We must not forget that from spending less on her car and spending less on leisure she will find herself with a diminished cost of life. This new situation will permit her to gradually accumulate a certain amount of money on whom she can build an investment portfolio.

The position of Julia is much more comfortable than that of Jennifer. Julia has no accumulated debt to pay and her life cost is actually lower than that of Jennifer. Julia has one major problem which is that of portfolio diversification. Portfolio diversification is quite important if you want to have a positive risk management of your investments (Taylor, 2006, p. 32).She has been playing good the last seven years by investing on her company’s stock and the rising value of the stock has benefited her. The other positive thing is that she has been playing good with aggressive-growth mutual funds and this has enabled her to gain enough to make a down payment for a new home she wants to purchase. But after the purchase of the home the advice is for Julia to invest elsewhere the money gained from the mutual fund she already invested.

What about investment opportunities then? These can be other mutual funds or other sort of funds, like hedge funds for example. Since her employer gives her a lot of benefits and she is already good with the 401(k) retirement plan of the company, then it would be inappropriate to invest in private retirement plans. Keeping the actual level of life costs, spending, is important for Julia. Also, continuing with the actual work and mutual fund investment, are the same important. A final consideration could be that Julia can decide to reduce the spending of her spring vacation in Mexico, that she funds with the $2000-$4000 annual bonus she receives from the company.

By doing this, she would find herself with a year-by-year increasing amount of money she could use to invest. All of the above mentioned were pre-requisites Julia should consider before making any portfolio diversification. Julia can retrieve part from the worth amount of her investment in the company’s stock and invest in other stocks from successful companies. After the payment on the house is finished, she could use the money form the mutual fund she has been investing to invest in other mutual funds, or even redirect those money in stock investment. But it would be best is she invests some money in other stocks, while keeping the actual stocks she has, and some other in different mutual funds. This portfolio diversification will significantly decrease the risk and failure potential of her investment (Taylor, 2006, p. 34).

Even if one stock goes down, the investment on the others will compensate for that loss. The same logic applies for the mutual funds. If she had invested in only one stock and one mutual fund the risk of failure would be very significant. What would she do if the stock and fund were to perform bad?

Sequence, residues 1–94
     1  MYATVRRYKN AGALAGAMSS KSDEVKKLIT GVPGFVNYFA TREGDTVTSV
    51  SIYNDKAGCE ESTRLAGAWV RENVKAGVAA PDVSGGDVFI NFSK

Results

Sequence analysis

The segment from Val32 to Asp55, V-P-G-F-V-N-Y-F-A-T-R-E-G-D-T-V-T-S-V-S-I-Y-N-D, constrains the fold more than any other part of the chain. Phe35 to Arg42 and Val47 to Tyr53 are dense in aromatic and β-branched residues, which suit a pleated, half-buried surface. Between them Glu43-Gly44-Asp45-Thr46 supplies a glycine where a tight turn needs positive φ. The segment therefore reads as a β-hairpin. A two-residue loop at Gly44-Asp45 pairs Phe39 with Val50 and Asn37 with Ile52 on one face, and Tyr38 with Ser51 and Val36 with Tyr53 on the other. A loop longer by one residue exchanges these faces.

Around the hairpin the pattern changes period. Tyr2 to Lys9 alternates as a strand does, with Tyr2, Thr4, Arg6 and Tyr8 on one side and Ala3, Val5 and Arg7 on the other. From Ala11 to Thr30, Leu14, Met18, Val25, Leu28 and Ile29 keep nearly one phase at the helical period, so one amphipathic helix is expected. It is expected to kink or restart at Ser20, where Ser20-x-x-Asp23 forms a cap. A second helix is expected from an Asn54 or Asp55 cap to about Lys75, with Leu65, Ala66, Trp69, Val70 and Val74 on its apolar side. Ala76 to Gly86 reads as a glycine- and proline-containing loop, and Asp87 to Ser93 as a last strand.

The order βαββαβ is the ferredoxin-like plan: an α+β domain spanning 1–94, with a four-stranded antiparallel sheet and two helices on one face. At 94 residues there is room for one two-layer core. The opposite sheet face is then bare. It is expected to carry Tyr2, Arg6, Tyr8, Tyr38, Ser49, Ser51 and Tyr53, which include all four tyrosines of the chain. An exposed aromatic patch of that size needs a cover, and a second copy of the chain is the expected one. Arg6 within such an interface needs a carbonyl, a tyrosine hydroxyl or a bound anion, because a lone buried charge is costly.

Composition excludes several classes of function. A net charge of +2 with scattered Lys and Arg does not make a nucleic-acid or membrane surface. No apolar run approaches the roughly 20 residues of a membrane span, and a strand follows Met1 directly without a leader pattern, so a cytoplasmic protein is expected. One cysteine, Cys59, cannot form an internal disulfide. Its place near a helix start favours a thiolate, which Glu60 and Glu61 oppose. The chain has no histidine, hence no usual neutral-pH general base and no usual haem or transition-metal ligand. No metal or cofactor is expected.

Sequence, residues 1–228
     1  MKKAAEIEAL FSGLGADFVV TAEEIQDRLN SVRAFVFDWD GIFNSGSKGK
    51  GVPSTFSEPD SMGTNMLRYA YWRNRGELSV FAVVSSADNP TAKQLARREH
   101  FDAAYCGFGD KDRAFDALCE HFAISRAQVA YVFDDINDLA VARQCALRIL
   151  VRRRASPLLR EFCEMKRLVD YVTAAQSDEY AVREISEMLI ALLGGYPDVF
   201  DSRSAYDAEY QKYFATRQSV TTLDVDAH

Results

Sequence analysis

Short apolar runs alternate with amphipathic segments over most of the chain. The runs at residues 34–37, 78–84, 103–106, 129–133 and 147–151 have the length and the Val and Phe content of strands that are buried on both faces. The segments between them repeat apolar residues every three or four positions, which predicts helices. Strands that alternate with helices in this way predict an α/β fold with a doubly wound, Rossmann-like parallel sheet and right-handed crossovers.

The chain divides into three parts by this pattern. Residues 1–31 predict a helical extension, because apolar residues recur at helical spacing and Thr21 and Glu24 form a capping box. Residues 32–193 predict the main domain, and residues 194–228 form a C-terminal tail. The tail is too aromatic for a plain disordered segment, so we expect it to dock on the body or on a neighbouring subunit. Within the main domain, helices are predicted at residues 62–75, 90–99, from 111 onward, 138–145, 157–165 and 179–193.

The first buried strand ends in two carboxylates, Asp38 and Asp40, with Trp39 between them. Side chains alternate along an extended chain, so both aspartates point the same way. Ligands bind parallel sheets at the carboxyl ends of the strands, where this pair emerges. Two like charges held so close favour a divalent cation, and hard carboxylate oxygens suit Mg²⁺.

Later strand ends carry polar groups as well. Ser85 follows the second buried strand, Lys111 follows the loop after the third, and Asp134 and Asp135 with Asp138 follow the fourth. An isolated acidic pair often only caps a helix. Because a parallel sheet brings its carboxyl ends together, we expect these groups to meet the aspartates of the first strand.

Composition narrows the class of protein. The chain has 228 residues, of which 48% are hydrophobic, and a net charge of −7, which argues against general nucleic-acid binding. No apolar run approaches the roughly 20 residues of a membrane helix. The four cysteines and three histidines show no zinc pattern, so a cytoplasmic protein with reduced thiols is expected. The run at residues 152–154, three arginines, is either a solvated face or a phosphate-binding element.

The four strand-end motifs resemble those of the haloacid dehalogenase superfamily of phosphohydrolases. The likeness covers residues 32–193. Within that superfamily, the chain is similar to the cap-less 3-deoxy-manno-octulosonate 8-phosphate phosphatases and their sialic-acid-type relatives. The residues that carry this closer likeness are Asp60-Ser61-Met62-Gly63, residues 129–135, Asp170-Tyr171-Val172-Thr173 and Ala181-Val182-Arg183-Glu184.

David and Sarah Gent are in a pretty good financial shape for the moment. But, since they have a child they have to think what to offer him for the future. The fact that they have been saving $1000-$2000 every month and putting them into a certificate of deposit gives them a good start in the investment world. The first advice for them would be the same as for Jennifer and Julia; they have to diversify their portfolio of investments in order to manage the risks of investments.

It is advisable that they retrieve and redeem some, not all, of their certificates of deposit and invest them in diverse mutual funds. So, since the first step they should be careful not investing all of their redeemable money from their certificates of deposit, but retain some of them as a ‘back-up’ if any ‘bad scenario’ is ever to happen. The money redeemed should be invested in different mutual funds, thus diversifying the portfolio. Another advice for them would be to invest on no-load funds and not load funds.

This is because in no-load funds the investor gets working all of the money he invests. Instead in load funds he has to pay the front-end load, or the commission which would reduce the amount of money invested (“No-load fund”, 2009, p. 1). They should be careful in choosing what funds to invest to. Growth and income mutual funds could be a good answer to their concerns for the future. These type of funds comprise equities and stock that both grow in time, and have a high dividend payment at the end of the year (“Growth-income mutual fund”, 2009, p. 1).

Instead the income funds are just funds that give high dividends but with no guarantee for future growth. Thus the risk of failure for them is more imminent. Finally, a balanced fund would be better than life-cycle bonds. As financial adviser Rosevear explains:

“Lifecycle funds are convenient, but they aren’t always a healthy choice. To begin with, their asset allocations often err on the side of being overly conservative.” (2009, p. 1)

Many people during the last years have used their 401(k) plans to invest in mutual funds, but that would not be a wise move to make. The advise for the gent’s would be to leave intact their 401(k) retirement plan and thus leaving it out of the risks associated with investment in funds.


(2009). Power of attorney. The Letric law library online. Web.

Taylor, W. (2006). Introduction to Management. Ninth Edition. Prentice Hall: New Jersey.

(2009). No-load funds. Investopedia website. Web.

(2009). Growth and income mutual funds. eHow website online. Web.

Rosevear, R. (2009). Lifecycle Funds: Nutritious, or Fast Food? The motley Fool Website. Web.

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BusinessEssay. "Aspects of a Durable Power of Attorney." November 22, 2022.